In certain areas, however, particularly in the tropics, certain insects are attracted by the flowers that they will then pollinate regularly. An example of these would be the hymenoptera such as Exomalopsis billotti in the West Indies. In North America the solitary bees and bumblebees are the vectors of cross-pollination in particular on the Atlantic seaboard and in California.
4. Distances for isolation.
It is essential to observe the configuration of the flower of each variety and to observe the insect activity in the environment. When the variety has retracted stigmata and when there are no insects to work the flowers, then you do not require any isolation distances.
On the other hand it is perhaps wise to isolate varieties where the stigmata is prominent and all the more so if there are insects present that will work the flowers. The distance recommended in this situation is 30 metres but can be increased up to 200 metres. In this situation you can separate the tomato varieties with plants, which are rich in nectar and pollen. Thus you can, for example, intersperse with squash plants, which greatly attract bees, but bearing in mind that the flowers close up in the afternoon and so you will need to plant another plant as well.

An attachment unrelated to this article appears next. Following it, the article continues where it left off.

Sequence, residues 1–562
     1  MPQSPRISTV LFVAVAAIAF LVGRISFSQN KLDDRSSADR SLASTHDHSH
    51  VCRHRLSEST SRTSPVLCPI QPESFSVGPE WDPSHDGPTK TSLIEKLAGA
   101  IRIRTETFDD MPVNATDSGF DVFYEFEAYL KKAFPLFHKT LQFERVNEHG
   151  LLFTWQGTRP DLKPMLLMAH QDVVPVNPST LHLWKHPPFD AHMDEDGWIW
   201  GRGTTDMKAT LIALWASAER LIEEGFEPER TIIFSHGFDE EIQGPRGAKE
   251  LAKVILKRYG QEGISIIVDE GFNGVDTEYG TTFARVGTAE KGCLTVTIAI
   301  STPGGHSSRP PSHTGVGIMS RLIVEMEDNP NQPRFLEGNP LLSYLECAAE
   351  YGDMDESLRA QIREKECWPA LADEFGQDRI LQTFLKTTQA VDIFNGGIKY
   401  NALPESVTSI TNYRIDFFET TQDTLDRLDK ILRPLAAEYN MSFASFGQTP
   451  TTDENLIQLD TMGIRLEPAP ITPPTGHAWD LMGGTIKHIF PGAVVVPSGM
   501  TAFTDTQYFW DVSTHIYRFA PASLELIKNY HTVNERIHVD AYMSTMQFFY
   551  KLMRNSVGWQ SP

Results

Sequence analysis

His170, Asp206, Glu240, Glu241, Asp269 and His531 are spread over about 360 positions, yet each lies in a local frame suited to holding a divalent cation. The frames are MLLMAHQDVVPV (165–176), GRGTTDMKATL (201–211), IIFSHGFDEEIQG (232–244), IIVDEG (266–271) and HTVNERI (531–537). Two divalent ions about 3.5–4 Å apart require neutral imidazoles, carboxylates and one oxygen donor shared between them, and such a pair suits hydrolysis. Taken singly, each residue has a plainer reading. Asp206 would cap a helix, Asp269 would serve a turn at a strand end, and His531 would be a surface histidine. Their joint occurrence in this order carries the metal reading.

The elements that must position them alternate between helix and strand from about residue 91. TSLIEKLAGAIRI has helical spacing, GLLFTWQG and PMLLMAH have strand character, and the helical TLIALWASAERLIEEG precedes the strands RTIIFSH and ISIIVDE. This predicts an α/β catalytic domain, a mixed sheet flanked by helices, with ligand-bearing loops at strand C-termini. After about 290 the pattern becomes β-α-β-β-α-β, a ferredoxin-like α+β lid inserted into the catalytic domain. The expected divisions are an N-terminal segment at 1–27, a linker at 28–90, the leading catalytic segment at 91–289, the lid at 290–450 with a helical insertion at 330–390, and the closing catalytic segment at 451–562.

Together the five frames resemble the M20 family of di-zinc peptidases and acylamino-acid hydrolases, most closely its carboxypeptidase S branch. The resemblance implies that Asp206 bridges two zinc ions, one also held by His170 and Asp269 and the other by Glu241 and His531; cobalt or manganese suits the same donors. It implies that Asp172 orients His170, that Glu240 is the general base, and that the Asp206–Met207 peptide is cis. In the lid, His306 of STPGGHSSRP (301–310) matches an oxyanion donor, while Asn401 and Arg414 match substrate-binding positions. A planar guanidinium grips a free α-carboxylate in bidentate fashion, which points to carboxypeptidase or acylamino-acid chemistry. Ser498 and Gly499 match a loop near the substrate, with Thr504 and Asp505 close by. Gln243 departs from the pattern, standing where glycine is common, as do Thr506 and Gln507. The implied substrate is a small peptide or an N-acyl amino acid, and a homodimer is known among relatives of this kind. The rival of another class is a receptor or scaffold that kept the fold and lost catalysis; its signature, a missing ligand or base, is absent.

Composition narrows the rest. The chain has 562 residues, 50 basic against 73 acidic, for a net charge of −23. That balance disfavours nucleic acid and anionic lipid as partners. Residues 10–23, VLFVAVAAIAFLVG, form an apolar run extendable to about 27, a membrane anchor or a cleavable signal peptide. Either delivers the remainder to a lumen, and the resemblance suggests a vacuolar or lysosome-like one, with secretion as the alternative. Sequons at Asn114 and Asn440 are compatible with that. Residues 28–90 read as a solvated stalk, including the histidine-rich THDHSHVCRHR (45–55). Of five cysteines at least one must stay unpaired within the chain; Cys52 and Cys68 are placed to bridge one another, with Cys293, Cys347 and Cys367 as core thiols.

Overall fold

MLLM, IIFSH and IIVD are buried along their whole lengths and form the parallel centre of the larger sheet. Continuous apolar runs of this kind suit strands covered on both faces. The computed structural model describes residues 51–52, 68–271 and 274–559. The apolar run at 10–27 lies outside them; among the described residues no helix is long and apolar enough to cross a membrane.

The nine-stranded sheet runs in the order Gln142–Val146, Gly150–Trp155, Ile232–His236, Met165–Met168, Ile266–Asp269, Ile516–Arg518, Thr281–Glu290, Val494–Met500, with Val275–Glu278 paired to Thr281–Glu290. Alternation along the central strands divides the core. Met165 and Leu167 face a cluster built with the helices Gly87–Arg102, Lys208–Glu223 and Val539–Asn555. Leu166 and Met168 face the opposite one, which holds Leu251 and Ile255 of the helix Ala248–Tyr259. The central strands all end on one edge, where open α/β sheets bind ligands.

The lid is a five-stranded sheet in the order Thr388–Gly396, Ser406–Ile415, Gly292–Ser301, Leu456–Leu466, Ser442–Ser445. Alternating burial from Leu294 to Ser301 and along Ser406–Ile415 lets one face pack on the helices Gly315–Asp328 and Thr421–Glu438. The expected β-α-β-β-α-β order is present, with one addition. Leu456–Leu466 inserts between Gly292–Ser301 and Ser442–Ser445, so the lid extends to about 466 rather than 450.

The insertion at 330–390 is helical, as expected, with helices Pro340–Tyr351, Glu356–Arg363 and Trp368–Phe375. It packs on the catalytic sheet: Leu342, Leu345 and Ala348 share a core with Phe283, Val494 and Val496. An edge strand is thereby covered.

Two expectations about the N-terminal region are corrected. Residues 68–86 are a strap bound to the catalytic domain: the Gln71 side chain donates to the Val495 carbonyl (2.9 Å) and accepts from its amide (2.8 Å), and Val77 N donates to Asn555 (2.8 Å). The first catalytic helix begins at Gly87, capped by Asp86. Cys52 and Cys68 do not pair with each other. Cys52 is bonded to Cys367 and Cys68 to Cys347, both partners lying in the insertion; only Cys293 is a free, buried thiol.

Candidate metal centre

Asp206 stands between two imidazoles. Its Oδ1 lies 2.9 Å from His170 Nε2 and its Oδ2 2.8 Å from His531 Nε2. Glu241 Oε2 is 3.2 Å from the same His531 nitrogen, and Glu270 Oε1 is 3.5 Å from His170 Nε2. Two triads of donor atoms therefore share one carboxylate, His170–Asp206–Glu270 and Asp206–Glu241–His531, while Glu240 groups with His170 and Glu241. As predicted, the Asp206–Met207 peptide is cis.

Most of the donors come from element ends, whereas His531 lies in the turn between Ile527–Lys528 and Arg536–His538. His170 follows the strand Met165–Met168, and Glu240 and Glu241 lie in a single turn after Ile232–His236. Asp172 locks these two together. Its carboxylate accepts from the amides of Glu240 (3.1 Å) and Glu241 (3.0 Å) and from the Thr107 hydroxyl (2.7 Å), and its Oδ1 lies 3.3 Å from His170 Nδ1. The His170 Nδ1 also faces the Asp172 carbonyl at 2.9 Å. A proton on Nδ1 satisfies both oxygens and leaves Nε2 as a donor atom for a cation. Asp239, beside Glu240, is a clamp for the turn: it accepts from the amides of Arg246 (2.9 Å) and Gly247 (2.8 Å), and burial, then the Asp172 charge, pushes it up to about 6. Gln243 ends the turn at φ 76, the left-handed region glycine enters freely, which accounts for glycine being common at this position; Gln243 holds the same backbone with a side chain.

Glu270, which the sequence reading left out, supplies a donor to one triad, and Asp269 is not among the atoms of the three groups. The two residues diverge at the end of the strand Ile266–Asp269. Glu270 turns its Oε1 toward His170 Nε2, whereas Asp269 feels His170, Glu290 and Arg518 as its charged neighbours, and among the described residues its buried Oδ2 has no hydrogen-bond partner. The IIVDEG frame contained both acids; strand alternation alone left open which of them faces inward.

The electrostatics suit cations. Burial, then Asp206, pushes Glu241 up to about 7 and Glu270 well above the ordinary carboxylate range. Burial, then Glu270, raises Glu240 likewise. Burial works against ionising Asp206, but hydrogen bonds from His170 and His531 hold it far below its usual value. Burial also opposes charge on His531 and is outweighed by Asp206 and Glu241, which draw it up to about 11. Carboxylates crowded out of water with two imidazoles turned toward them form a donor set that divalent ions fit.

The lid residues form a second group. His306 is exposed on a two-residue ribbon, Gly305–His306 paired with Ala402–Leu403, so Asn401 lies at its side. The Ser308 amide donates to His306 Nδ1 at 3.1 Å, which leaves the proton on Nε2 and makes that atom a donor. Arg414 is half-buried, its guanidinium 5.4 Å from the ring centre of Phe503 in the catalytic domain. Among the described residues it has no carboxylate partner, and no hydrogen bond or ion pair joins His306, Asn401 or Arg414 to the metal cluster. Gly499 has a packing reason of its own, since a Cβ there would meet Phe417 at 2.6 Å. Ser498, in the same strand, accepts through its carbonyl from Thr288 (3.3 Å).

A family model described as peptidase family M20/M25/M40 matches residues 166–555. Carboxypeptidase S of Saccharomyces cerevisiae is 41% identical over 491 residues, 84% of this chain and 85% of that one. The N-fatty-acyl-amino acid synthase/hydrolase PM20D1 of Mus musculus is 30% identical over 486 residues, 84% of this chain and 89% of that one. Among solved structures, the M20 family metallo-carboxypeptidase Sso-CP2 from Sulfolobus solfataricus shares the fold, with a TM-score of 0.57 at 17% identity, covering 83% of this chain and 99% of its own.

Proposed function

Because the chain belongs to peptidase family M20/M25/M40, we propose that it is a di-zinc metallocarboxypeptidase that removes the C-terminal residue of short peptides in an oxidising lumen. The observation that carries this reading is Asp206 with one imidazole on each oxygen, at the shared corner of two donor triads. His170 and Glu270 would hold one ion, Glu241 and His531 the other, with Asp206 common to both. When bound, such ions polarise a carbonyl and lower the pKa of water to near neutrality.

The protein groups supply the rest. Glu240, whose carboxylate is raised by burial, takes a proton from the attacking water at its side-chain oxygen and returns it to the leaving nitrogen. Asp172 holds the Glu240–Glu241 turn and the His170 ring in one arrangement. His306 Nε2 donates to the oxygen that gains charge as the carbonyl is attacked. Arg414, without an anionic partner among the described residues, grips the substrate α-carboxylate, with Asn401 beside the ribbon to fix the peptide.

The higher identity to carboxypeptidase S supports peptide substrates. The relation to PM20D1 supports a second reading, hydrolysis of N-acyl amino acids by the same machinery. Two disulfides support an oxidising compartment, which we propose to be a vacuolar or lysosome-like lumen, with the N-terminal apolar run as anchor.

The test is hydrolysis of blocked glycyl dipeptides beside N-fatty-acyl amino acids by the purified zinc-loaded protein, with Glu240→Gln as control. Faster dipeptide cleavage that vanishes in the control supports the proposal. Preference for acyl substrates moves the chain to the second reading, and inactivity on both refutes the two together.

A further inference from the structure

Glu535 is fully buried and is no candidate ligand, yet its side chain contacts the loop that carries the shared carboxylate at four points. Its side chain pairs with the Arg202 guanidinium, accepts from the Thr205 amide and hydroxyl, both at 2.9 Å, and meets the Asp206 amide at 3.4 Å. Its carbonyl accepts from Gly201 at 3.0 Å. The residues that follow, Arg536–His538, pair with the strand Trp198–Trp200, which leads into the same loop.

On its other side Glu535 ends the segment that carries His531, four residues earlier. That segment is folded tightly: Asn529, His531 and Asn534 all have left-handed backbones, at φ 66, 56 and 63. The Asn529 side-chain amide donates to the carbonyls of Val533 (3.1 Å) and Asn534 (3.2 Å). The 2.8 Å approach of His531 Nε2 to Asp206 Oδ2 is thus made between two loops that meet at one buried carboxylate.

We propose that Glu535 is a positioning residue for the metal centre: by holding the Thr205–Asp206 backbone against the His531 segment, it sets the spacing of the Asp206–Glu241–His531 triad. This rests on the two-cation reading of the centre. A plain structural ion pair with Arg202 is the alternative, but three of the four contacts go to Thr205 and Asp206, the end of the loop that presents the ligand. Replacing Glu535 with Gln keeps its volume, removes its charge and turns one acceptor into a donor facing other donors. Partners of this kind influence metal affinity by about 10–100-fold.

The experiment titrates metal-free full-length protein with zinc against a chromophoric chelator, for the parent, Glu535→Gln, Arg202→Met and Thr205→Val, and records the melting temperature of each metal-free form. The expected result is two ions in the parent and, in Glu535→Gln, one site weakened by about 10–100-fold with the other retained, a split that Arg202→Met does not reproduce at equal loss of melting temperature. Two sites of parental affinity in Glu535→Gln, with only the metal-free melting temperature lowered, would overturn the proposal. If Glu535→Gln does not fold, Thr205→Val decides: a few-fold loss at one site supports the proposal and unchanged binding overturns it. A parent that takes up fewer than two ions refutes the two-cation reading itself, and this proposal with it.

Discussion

5. Movement of the wind.
The movement of wind around the flowers can have quite an effect on the level of self-fertilisation but apparently very little on the level of cross-pollination.
In areas that are not susceptible to cross pollination, that is to say the major part of the temperate zone, one can expect between 2 and 5% natural hybridisation.
On the other hand in areas that are sensitive, such as the tropics, the percentage of cross fertilisation is much higher. Depending upon the different factors mentioned above the percentage varies from 12% to 47%. Thus, in the tropics, to be on the safe side, it would be wise to leave 500 meters to one kilometer in between two varieties.
Where you want to save the seed of several varieties, the simple solution would seem to be to isolate the varieties in cages formed with mosquito net or fleece.